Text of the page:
Food Science Salaries in the Spotlight Mary Ellen Kuhn | February 2016, Volume 70, No.2

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Table 6. Age Distribution of Survey Participants
Table 6. Age Distribution of Survey Participants

Perspectives on Pay
So just how important is salary anyway? Certainly the figure on one’s paycheck matters for all kinds of practical and psychological reasons, but it’s not necessarily an employee’s top priority. Compensation was No. 4 on a list of job satisfaction factors, behind respectful treatment of employees, trust between employees and senior management, and overall benefits, according to a recent study by the Society for Human Resource Management (SHRM 2015b).

Compensation expert Chou says the importance of salary to an employee tends to be strongly correlated with that employee’s marketability. “Your average worker, if we were to ask them: ‘How important is pay for you to stay at this company?’ Pay is usually up there, but it might not be at the top of the list,” says Chou. “What might be No. 1 is your relationship with your manager.”

Table 7. Distribution of Degrees (Highest Earned)
Table 7. Distribution of Degrees (Highest Earned)

But, Chou continues, salary will very likely be far more important to an organization’s top performers. “Pay is important to just about everybody,” he says, “but it’s particularly important to the highest performers. They’re marketable. They’re getting calls all the time. … They have much more bargaining power.”

Chou says that WorldatWork research shows that more than 90% of companies have a “pay for performance” program, which means that salary increases are based on merit, with the highest increases going to the highest performers. In 2015, according to research from employee benefits and compensation consulting firm Mercer, base pay increases for the highest performers averaged 4.8% versus 2.7% for those who performed at an average level and 0.2% for the lowest performers (Mercer 2015).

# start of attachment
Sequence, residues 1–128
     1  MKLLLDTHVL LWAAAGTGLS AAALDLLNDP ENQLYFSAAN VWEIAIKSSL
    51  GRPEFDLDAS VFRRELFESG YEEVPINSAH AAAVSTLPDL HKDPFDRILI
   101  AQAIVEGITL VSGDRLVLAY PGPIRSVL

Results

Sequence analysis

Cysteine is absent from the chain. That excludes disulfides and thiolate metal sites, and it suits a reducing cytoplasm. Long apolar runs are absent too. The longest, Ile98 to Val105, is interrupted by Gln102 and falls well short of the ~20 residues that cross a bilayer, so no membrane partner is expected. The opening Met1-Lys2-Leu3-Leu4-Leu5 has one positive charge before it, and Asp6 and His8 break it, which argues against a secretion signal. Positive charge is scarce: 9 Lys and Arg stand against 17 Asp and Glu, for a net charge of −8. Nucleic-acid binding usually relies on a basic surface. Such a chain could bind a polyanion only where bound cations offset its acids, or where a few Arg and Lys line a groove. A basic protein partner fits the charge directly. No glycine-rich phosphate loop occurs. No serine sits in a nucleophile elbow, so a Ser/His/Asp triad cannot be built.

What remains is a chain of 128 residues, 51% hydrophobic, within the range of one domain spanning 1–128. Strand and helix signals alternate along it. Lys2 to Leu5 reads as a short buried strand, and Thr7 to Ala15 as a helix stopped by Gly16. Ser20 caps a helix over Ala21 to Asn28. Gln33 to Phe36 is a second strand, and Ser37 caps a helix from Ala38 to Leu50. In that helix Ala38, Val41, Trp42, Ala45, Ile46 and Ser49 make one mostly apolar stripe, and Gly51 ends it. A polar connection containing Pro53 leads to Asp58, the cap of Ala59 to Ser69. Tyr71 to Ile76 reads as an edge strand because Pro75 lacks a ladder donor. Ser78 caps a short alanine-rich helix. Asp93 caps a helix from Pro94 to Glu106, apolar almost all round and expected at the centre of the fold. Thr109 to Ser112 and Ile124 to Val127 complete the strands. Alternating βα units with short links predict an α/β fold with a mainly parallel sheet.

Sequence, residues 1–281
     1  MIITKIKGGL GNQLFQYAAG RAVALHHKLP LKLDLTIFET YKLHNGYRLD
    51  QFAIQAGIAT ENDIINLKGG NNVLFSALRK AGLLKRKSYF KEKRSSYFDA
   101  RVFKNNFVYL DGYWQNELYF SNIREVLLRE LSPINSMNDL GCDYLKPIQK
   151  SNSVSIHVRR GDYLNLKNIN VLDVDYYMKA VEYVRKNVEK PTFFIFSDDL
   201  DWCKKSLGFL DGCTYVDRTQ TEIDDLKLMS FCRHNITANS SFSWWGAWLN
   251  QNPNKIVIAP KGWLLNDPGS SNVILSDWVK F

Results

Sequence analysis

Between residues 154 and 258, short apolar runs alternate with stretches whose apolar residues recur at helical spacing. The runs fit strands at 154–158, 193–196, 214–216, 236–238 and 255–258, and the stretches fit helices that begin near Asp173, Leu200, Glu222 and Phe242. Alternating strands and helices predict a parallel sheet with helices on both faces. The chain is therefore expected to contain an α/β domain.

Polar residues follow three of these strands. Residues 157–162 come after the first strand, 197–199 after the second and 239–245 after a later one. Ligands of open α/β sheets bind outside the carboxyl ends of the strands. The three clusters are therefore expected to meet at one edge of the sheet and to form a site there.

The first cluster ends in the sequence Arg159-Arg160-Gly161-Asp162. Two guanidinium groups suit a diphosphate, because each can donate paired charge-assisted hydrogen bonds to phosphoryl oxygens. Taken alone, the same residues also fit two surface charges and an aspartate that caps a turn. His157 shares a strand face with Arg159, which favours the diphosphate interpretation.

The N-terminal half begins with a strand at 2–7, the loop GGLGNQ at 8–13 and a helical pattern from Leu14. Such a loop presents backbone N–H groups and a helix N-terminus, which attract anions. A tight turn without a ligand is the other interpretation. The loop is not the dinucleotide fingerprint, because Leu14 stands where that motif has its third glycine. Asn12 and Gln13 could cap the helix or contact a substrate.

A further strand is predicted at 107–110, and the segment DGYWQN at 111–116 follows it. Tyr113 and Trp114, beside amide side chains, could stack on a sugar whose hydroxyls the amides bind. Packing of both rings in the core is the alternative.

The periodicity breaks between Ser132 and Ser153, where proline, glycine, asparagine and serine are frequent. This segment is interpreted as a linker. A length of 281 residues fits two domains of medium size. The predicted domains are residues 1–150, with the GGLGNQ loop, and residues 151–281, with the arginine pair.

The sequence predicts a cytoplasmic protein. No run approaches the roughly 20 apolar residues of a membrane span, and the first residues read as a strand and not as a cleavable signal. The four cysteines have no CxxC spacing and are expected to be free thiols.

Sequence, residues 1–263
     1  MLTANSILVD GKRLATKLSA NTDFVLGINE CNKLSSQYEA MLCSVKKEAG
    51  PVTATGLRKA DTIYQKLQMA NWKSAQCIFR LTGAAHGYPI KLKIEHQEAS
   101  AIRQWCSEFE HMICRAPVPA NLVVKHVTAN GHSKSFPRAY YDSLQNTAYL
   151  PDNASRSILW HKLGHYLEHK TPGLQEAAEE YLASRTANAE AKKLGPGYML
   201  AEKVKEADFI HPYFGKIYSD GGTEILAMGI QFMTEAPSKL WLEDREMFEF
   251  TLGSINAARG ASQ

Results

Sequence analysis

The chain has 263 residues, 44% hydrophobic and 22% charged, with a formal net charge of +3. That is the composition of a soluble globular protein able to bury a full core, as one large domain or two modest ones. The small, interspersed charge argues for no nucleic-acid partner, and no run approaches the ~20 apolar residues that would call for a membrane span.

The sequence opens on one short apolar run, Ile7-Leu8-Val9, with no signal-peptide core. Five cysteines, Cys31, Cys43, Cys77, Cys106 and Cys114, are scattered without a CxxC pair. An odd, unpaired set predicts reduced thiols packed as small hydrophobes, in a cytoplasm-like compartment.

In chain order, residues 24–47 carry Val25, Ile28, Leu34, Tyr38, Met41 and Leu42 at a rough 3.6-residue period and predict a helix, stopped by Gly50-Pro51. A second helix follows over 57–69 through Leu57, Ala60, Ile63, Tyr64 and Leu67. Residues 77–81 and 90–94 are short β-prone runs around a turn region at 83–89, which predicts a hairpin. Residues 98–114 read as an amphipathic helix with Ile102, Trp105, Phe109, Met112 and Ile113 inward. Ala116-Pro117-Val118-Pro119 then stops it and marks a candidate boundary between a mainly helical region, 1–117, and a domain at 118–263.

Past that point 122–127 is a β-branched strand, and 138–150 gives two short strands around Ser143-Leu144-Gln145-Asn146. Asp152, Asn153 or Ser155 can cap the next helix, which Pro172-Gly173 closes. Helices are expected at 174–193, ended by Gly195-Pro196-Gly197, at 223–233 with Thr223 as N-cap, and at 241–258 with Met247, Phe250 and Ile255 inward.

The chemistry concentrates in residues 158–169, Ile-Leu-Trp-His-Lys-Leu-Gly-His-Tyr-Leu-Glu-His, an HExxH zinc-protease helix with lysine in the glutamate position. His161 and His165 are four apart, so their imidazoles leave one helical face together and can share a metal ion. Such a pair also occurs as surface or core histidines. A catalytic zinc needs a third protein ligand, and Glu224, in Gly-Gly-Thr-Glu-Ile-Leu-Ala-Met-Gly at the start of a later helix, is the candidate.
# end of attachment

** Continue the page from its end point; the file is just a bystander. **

Table 8. Food Science Salaries in Selected Global Markets (Converted to U.S. Currency)
Table 8. Food Science Salaries in Selected Global Markets (Converted to U.S. Currency)

*Note: Unless otherwise specified in this article, statistics cited apply to United States–based members of the Institute of Food Technologists.

Survey Methodology
The 2015 IFT Employment and Salary Survey, conducted this past September, drew a 21% response rate among U.S. members, 2,343 of whom responded to the survey. Survey emails were managed by a private consulting firm, which kept all responses confidential. The 2015 survey, like the one conducted in 2013, included some nonmembers in the United States as well as international participants (both members and nonmembers). A total of 3,328 individuals took the survey. Unless otherwise specified, the findings highlighted in this article apply to members based in the United States.

Learning More About Earnings
IFT’s 2015 Employment and Salary Survey research yielded a wealth of facts and figures, and only select highlights appear in this article. To delve more deeply into the data, check out the 2015 IFT Employment and Salary Survey Report. It is available free of charge to IFT members and to nonmembers for $99.